They never imagined that they would watch pieces of their property literally slip away.
The Briggs watched as a couple pine trees where they used to hang Christmas lights started to slump down the bluff as high lake levels and storms battered the hillside. They estimate they've lost around 75 feet of their lawn each year for the last five years.
They debated whether to remodel their home and install rocks to protect the shoreline, knowing it would be expensive. As the lake edged too close for comfort, the couple began building a new home further back on the property in 2018. Last fall, they sold the cabin and their garage for $1 each to another couple who had them moved down the road.
"We got it done in September, and it's a good thing because it would have been going in the lake this spring," he said.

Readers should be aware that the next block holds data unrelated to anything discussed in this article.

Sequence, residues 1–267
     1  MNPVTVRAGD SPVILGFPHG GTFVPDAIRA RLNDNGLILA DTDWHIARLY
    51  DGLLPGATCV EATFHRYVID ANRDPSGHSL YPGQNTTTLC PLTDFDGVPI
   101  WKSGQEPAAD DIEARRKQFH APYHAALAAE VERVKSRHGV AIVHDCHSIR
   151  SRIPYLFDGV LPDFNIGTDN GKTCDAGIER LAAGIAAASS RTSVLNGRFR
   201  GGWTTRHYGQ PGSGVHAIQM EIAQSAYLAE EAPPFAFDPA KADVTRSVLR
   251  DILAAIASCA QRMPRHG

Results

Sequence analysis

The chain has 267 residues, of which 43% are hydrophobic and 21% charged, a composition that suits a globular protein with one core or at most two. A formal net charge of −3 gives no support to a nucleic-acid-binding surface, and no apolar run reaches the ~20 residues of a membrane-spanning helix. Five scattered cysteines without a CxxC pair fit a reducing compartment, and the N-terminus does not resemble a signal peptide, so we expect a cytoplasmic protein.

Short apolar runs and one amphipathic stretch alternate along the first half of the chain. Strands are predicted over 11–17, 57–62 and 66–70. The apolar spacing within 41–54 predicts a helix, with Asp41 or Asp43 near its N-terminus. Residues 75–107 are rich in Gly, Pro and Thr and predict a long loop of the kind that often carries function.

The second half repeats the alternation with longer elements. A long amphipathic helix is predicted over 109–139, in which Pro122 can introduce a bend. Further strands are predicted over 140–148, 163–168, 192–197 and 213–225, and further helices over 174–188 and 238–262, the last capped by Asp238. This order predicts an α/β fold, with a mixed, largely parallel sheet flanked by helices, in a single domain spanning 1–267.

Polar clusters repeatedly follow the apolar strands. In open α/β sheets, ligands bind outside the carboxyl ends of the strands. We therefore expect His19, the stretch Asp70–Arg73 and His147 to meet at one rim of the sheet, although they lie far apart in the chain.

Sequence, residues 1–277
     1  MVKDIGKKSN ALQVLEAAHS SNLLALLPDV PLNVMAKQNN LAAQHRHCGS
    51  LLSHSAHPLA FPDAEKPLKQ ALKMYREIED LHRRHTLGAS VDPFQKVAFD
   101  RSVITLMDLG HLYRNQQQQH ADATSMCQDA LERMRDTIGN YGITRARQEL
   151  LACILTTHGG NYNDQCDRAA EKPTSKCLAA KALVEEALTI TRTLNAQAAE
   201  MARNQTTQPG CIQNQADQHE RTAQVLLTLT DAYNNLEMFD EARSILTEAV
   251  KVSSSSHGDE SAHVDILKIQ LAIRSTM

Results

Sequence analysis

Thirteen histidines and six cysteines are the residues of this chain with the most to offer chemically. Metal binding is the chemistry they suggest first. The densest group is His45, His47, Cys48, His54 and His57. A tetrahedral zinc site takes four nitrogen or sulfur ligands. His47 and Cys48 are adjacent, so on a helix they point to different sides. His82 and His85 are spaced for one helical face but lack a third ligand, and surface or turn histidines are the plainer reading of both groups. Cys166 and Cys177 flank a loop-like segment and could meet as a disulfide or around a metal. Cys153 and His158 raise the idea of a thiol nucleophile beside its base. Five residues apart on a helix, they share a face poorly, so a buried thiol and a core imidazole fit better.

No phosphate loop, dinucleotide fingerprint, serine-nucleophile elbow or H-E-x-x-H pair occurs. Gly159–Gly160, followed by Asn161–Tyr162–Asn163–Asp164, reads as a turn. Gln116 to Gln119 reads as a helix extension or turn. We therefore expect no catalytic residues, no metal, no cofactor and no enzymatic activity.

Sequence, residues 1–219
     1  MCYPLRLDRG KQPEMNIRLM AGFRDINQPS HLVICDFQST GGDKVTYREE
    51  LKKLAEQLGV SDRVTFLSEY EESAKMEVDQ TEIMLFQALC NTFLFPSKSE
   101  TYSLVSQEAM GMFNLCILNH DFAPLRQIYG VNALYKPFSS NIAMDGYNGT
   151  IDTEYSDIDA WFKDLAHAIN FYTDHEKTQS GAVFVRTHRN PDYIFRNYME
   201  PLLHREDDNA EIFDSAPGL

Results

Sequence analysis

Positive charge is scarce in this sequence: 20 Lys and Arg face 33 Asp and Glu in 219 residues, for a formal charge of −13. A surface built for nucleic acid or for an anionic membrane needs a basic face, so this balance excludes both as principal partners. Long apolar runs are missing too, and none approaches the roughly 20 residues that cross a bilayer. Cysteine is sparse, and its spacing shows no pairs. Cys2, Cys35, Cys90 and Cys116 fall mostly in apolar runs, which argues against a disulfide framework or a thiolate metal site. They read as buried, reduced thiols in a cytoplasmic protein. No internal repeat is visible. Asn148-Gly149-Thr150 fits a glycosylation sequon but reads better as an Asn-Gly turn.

Lake Michigan Sees Flurry Of Activity To Protect Shorelines
On Lake Michigan, water levels are just shy of the record high set back in October 1986, prompting a flurry of activity along the shoreline. The agency has already received double the requests that were filed last year for installing emergency erosion controls like rock or concrete along the lake. As of the end of August, the agency had received 280 self-certification forms for installing material along the lake compared to 134 in 2019.
Placing rocks or rip rap along the shore can cost communities and property owners hundreds of thousands of dollars, said Sarah Szabo, water management specialist with the Wisconsin Department of Natural Resources.
"It's a big choice, and when they're looking at retirement, kids' college, property values," said Szabo. "it's not an easy decision."